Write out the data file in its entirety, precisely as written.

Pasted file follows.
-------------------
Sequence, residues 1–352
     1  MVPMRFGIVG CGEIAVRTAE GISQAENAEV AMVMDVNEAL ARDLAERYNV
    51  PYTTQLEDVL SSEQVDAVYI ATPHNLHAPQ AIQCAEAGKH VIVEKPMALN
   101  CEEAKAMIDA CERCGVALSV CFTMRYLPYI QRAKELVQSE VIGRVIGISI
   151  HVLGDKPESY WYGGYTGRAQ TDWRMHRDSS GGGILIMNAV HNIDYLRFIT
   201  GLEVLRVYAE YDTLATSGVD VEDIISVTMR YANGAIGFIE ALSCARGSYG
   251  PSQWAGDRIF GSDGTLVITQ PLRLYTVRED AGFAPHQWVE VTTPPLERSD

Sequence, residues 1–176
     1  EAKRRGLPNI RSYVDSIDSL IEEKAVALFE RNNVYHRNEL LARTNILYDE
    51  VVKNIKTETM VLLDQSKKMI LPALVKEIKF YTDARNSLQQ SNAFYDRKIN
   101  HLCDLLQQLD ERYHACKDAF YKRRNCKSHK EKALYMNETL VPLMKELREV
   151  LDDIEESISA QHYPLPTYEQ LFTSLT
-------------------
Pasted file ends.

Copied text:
Sequence, residues 1–352
     1  MVPMRFGIVG CGEIAVRTAE GISQAENAEV AMVMDVNEAL ARDLAERYNV
    51  PYTTQLEDVL SSEQVDAVYI ATPHNLHAPQ AIQCAEAGKH VIVEKPMALN
   101  CEEAKAMIDA CERCGVALSV CFTMRYLPYI QRAKELVQSE VIGRVIGISI
   151  HVLGDKPESY WYGGYTGRAQ TDWRMHRDSS GGGILIMNAV HNIDYLRFIT
   201  GLEVLRVYAE YDTLATSGVD VEDIISVTMR YANGAIGFIE ALSCARGSYG
   251  PSQWAGDRIF GSDGTLVITQ PLRLYTVRED AGFAPHQWVE VTTPPLERSD

Sequence, residues 1–176
     1  EAKRRGLPNI RSYVDSIDSL IEEKAVALFE RNNVYHRNEL LARTNILYDE
    51  VVKNIKTETM VLLDQSKKMI LPALVKEIKF YTDARNSLQQ SNAFYDRKIN
   101  HLCDLLQQLD ERYHACKDAF YKRRNCKSHK EKALYMNETL VPLMKELREV
   151  LDDIEESISA QHYPLPTYEQ LFTSLT